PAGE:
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Columbine Survivor and Addiction Advocate Austin Eubanks Found Dead in His Home

Eubanks was 17 at the time of the school shooting in Colorado.

by Emma Ockerman
May 20 2019, 3:52pm

Austin Eubanks, a survivor of the Columbine High School shootings and a motivational speaker about opioid abuse and trauma, was found dead in his Colorado home Saturday. He was 37.

Eubanks was 17 at the time of the attack in Colorado, where he was shot in the hand and knee. He witnessed the situation unfold from the library, while he hid under a table, and his friend, Corey Depooter, died next to him. Fifteen people, including the shooters, died in the April 1999 massacre.

“Corey was my best friend who was under the same table in the library with me that day, and he did not make it out alive,” Eubanks told VICE News last month.

In the months following the massacre, Eubanks said he became addicted to opioid painkillers prescribed for his injuries. In a statement to CNN, his family said Eubanks “lost the battle with the very disease he fought so hard to help others face.” The cause of death has not been determined; his autopsy is scheduled for Monday.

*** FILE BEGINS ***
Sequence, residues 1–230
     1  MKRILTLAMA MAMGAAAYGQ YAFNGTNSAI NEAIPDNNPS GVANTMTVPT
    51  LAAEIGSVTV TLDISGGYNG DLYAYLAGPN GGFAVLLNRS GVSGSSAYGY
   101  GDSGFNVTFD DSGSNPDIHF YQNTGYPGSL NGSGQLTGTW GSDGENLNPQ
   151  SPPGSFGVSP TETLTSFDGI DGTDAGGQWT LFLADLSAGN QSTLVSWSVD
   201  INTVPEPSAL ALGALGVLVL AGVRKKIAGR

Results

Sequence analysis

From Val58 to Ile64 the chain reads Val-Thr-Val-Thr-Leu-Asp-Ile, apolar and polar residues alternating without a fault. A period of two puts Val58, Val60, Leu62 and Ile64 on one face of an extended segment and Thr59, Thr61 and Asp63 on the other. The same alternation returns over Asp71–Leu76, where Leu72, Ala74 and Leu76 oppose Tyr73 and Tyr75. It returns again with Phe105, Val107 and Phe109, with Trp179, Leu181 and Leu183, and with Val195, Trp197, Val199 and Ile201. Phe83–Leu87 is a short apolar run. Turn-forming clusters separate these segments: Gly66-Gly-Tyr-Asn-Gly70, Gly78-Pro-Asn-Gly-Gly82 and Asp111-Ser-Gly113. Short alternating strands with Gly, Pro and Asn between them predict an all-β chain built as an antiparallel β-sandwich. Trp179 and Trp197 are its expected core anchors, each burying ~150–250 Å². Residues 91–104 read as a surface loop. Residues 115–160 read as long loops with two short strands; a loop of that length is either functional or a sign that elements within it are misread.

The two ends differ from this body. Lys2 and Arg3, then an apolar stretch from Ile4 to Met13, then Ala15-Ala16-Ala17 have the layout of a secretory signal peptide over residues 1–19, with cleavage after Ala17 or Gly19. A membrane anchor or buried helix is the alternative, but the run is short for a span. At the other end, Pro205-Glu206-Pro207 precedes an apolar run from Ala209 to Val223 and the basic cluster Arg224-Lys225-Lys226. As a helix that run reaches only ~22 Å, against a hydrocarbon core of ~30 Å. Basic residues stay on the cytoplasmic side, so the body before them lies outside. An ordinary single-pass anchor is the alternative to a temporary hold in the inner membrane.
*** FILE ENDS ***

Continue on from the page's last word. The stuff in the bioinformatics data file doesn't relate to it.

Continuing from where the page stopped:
Eubanks devoted much of his life post-Columbine to speaking about his addiction and ongoing recovery. Apart from his motivational speaking career, Eubanks worked in an addiction treatment center, according to CBS News.

“I was an emotional disaster, and I turned to substances almost immediately in order to cope,” Eubanks said in an interview with VICE News prior to his death.

Prior to Eubanks’ death, the suicides of school shooting survivors reignited conversation about the effects of that trauma and mental health. Two survivors of the Valentine’s Day massacre at a high school in Parkland, Florida, in 2018, took their own lives this year.

If you or someone you know is suffering from a substance use disorder, call 1-800-662-HELP or visit https://www.samhsa.gov/find-tr... to find help. Or, if you or someone you know is in crisis, call the National Suicide Prevention Lifeline at 1-800-273-8255, text TALK to 741741, or visit www.suicidepreventionlifeline.... for more information.